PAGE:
Commentary: Taking the Call

Commentary: Taking the Call

Volunteers at the PRS CrisisLink call center.

Volunteers at the PRS CrisisLink call center. PRS Photo


Liz Barnes

Beginning as a volunteer at PRS CrisisLink started for simple, altruistic reasons. I wanted to make a difference and show myself and my family the importance of giving back to others. The experience at Northern Virginia’s hotline and textline was something far more than I imagined it would be.

Training taught me that before you can help, you must listen. You must listen to understand, not listen to solve a problem. This is easier said than done because when someone is suffering, all anyone wants to do is fix it for them.

I learned people have incredible strength which turns into resilience and despite how much I love to give advice, people are already experts in their own lives. I also learned how many people feel lonely even when they are surrounded by others mostly because of the shame and isolation their experiences bring them. Above all, I learned how important it is to always maintain a community connection through volunteering. If we can give back, we must; the need is never going away.

Taking calls on the hotline has changed my life and all my experiences at PRS CrisisLink have made me a better human being. The passion I have for helping others has only intensified the more I listen. So many people have said to me “Oh, I could never work on a crisis hotline. It’s too scary.” Sometimes I would laugh and reply gently about how helping is important.

Now, after five years, I am a little bolder. Yes, it can be anxiety provoking to answer calls in which people are concretely thinking about ending their lives. Yes, having to make life-saving decisions on a phone line is stressful. However, it is an extreme privilege to witness the courage and vulnerability each person must have to reach out when they are in that much pain. Furthermore, I am honored to be the person to listen in the moments where someone is lonely and hurting with no one else to call.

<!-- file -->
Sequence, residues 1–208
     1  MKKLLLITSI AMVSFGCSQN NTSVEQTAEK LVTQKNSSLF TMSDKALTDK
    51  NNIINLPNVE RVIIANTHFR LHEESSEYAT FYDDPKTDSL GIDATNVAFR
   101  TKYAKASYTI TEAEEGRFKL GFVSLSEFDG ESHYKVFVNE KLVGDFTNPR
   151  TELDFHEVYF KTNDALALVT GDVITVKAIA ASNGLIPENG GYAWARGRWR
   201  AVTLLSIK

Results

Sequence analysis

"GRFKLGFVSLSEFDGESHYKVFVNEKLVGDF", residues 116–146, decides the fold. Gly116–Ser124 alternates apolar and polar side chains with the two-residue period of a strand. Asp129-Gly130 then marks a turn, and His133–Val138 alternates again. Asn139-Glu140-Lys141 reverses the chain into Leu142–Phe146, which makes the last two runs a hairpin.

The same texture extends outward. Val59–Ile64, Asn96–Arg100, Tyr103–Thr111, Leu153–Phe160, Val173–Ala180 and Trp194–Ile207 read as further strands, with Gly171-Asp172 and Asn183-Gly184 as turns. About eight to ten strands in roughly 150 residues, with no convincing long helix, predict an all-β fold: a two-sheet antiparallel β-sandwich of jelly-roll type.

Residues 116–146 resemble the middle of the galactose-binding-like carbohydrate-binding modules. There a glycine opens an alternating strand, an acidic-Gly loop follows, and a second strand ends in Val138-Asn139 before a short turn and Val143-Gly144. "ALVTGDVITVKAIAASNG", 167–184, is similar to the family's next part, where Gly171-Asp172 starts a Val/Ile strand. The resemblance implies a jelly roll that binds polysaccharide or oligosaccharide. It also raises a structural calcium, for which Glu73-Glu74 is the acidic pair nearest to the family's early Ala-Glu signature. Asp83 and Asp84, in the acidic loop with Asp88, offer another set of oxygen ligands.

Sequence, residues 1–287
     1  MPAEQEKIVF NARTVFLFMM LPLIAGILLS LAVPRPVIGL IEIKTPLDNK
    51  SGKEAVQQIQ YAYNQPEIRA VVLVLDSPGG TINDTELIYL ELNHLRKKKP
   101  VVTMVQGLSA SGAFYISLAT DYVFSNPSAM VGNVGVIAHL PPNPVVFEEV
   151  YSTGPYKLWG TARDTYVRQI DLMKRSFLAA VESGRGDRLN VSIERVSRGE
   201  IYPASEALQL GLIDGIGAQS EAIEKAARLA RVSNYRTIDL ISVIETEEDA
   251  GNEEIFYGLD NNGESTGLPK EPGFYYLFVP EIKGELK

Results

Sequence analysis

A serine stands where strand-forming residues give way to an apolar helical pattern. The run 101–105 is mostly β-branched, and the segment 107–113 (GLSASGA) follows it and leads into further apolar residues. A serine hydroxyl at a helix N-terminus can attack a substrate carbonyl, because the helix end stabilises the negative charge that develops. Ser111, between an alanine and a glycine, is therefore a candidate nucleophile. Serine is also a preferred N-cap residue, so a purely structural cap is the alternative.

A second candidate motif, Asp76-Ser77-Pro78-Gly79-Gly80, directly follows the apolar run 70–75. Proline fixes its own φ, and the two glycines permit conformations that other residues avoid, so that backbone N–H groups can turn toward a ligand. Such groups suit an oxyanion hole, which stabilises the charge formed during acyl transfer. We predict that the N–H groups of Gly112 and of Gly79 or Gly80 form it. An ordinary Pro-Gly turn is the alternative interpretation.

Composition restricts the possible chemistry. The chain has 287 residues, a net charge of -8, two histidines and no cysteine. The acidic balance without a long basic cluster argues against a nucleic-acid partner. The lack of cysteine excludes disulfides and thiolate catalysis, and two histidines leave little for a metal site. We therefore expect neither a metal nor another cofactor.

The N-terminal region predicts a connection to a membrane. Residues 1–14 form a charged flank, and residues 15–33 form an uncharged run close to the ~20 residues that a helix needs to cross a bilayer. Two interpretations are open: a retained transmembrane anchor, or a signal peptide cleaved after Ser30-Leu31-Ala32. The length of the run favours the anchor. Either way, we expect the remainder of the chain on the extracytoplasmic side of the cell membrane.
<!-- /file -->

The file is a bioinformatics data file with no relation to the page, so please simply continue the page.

The honor I felt in these moments left me desiring to train other volunteers. I joined CrisisLink’s training team. Through this, I have learned what it takes to be successful in this kind of work. Empathy, a desire to learn consistently, distress-tolerance, life-experience and a sincere desire to help others is the make-up of every one of our team members. Our volunteers include lawyers, teachers, stay-at-home parents, veterans, human service workers, architects, nurses, students, clergy, law enforcement, and more — each offering 3-4 hours a week for an entire year to our life-saving services.

Mental illness impacts more than the one person experiencing the crisis. It impacts our families, friends and community at large. This September, PRS is supporting National Suicide Prevention Month through the #CallTextLive Campaign, which has a number of ways to get involved that encourage dialogue about suicide. Talking about suicide will help more people feel comfortable to call or text a hotline. When they do, I stand ready to listen.

To volunteer, contact PRS at 703-531-6351.